13 b THE FUTURE OF U S AGRICULTURAL

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13 b. THE FUTURE OF U. S. AGRICULTURAL POLICY (& How Public Policy Really 13 b. THE FUTURE OF U. S. AGRICULTURAL POLICY (& How Public Policy Really Works) Larry D. Sanders Fall 2005 Dept. of Ag Economics Oklahoma State University 1

APPENDICES A. B. C. How Public Policy Really Works Alternatives & Consequences Problem Solving APPENDICES A. B. C. How Public Policy Really Works Alternatives & Consequences Problem Solving Model Community Food Systems & the Changing Culture of Policy and Science 2

A. How Public Policy Really Works Larry D. Sanders 3 A. How Public Policy Really Works Larry D. Sanders 3

Public Policy is. . . “Public policy and sausage have a lot in common. Public Policy is. . . “Public policy and sausage have a lot in common. You may like the results of both, but you wouldn’t want to see how they’re made. ” --Governor Henry Bellmon, paraphrasing Germany’s Bismark in the 19 th century 4

THE POLITICAL AGRO-ECONOMICS OF POLICY PLANT LIFE 7. FINAL GROWTH • Dreaded Budget Deficit THE POLITICAL AGRO-ECONOMICS OF POLICY PLANT LIFE 7. FINAL GROWTH • Dreaded Budget Deficit Virus • Conservatives question use of tax $$$$$ $$ $ $ 8. $$$ AUTHORIZED $ 9 A. MONEY DROUGHT • Nothing Happens • $$$ not released $ $ $ 9 B. $$$ APPROPRIATED 5. MOISTURE • Sweat/Worry of Targeted Group 4. FERTILIZE • Political Bull 10. IMPLEMENTATION 1. PLANNING Goal -- Political Success 6. PEST ATTACK* • Lobbyists • Foreign Competitors • Economists 2. PLANT • Seeds of Good Intention * NOTE: PEST ATTACKS MAY OCCUR AT ANY TIME IN LIFE CYCLE 3. EARLY GROWTH • Sprout in Washington, DC • Till in Media • Weed in Countryside 5

High School Civics Model No Action Citizen Concern Representative Action Committee Senate/ House President High School Civics Model No Action Citizen Concern Representative Action Committee Senate/ House President 6

Pre-1990 s Model (1) House/ Senate Committees (2) Farm Organization Leaders Committee Staff Writes Pre-1990 s Model (1) House/ Senate Committees (2) Farm Organization Leaders Committee Staff Writes Bill Committee Senate/ House President 7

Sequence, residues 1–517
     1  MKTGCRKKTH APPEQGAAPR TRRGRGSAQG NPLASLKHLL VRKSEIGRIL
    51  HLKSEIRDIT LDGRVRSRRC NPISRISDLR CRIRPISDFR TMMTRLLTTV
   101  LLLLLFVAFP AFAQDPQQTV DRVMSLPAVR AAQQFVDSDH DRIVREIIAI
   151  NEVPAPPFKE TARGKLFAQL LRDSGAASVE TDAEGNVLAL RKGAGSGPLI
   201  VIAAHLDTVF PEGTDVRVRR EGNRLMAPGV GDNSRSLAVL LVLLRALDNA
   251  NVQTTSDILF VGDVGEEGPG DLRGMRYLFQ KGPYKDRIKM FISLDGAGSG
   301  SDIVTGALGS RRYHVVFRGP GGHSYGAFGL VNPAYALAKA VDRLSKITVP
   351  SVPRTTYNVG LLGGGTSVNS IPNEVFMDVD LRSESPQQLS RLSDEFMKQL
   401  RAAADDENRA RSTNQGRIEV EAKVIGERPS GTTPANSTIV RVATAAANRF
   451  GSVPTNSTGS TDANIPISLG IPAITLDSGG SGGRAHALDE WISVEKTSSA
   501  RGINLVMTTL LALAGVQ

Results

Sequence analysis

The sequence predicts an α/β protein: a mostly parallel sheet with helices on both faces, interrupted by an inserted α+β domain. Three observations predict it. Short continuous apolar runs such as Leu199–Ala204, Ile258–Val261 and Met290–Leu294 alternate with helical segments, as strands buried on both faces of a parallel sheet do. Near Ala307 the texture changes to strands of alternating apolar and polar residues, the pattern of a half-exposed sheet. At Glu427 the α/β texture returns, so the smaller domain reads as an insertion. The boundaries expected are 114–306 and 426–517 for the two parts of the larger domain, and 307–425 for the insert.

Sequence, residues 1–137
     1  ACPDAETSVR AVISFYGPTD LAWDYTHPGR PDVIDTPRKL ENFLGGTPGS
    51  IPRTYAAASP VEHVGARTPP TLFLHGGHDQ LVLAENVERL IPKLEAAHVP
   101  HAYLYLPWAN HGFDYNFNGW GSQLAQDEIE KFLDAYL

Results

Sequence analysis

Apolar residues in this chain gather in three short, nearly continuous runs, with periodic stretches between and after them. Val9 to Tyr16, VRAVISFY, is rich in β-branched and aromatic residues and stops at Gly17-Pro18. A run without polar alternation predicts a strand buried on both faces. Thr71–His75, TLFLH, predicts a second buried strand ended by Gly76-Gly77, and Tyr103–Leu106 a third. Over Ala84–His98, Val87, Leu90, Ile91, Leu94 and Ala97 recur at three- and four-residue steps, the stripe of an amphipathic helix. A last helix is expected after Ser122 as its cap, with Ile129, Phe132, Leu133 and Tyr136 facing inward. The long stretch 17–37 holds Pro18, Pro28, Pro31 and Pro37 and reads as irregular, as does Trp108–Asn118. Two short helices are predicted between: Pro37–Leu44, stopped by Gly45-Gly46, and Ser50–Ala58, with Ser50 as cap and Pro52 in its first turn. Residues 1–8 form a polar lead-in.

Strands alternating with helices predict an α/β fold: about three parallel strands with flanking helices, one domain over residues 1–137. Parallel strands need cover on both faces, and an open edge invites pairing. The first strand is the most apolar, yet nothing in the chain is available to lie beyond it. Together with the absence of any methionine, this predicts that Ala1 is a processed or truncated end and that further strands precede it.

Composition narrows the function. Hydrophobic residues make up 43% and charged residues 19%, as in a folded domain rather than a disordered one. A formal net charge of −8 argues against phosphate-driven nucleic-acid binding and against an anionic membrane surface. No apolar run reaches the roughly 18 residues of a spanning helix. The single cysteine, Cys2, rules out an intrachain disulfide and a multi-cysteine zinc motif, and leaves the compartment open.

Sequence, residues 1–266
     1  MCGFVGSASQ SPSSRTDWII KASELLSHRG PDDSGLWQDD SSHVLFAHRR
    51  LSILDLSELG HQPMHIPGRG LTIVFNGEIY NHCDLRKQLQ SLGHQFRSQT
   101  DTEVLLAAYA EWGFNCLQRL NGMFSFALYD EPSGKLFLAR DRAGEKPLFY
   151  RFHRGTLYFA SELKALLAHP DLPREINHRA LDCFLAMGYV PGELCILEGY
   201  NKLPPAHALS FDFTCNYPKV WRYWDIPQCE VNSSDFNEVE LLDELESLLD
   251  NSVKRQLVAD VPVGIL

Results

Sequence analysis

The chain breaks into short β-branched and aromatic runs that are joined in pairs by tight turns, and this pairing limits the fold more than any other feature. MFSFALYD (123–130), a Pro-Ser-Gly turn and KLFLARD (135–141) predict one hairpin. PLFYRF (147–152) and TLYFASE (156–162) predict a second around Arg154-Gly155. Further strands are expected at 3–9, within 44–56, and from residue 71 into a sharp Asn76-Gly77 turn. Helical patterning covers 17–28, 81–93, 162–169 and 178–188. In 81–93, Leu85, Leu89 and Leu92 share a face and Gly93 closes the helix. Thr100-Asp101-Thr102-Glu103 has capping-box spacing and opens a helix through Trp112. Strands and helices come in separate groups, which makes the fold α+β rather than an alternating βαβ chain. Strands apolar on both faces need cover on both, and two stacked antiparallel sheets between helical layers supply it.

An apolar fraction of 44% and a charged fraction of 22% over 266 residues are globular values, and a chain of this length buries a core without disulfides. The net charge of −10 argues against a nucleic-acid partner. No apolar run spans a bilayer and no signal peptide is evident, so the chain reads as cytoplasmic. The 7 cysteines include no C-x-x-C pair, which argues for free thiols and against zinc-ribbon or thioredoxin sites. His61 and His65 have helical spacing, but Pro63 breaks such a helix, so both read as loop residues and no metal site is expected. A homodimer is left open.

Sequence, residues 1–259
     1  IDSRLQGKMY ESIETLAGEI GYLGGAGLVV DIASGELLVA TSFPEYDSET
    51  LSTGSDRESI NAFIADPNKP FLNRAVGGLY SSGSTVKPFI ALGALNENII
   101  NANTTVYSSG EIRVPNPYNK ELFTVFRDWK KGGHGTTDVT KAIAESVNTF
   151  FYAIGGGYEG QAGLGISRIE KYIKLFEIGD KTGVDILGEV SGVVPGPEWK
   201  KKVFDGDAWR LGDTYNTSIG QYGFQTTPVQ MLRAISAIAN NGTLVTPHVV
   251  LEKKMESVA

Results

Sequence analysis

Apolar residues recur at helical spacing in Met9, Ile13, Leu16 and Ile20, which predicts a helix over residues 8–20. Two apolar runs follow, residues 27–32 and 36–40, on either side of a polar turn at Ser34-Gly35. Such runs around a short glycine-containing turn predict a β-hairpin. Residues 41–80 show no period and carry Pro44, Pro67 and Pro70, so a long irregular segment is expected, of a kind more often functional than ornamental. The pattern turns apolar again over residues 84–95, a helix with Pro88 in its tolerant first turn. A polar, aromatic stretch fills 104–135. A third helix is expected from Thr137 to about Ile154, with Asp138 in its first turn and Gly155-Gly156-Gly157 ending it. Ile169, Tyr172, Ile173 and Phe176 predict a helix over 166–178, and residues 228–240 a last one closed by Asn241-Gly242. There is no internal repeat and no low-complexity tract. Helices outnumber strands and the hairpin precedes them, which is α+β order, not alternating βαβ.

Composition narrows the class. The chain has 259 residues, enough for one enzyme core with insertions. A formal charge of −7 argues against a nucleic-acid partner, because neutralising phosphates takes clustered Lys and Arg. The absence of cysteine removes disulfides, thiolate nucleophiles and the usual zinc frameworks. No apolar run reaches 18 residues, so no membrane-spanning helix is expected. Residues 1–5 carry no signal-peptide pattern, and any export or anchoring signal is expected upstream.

1990 s Model—ala Newt GOP Leaders Farm Organization Leaders Committee Majority Senate/ House Fail 1990 s Model—ala Newt GOP Leaders Farm Organization Leaders Committee Majority Senate/ House Fail Committee Compromise Demo Leaders Conference (compromise) Other Interest Groups President Veto Sign 8

Future Model? GOP Farm Organizations No Compromise Gridlock Demos Other Interest Groups 9 Future Model? GOP Farm Organizations No Compromise Gridlock Demos Other Interest Groups 9

Expansion of Support ADVOCATES Problem Recognition Convergence of interest Formulation of Proposal Identification of Expansion of Support ADVOCATES Problem Recognition Convergence of interest Formulation of Proposal Identification of Authorities Presentation of Proposal Reduction of Opposition AUTHORITIES Reduction of Support Authoritative Consideration DECISION OPPONENTS Emergence of Opposition Formulation of Counterproposal Identification of Authorities Presentation of Counterproposal Expansion of Opposition EVALUATION Note: Based on work by Alan Hahn IMPLEMENTATION

Power Clusters FOREIGN RELATIONS AGRICULTURE RURAL WEST LABOR ENVIRONMENT URBAN SOUTH AGED CONSUMERS HEALTH Power Clusters FOREIGN RELATIONS AGRICULTURE RURAL WEST LABOR ENVIRONMENT URBAN SOUTH AGED CONSUMERS HEALTH CARE NORTH TRADE DEFENSE EAST BUSINESS Etc. 11

What Makes a Power Cluster Work Kingmakers: Kings: Active Public: Interested Public: Apathetic Public: What Makes a Power Cluster Work Kingmakers: Kings: Active Public: Interested Public: Apathetic Public: Influential Core Legislative Committees Interest Groups Agencies Professionals Volunteers Attentive Public Latent Public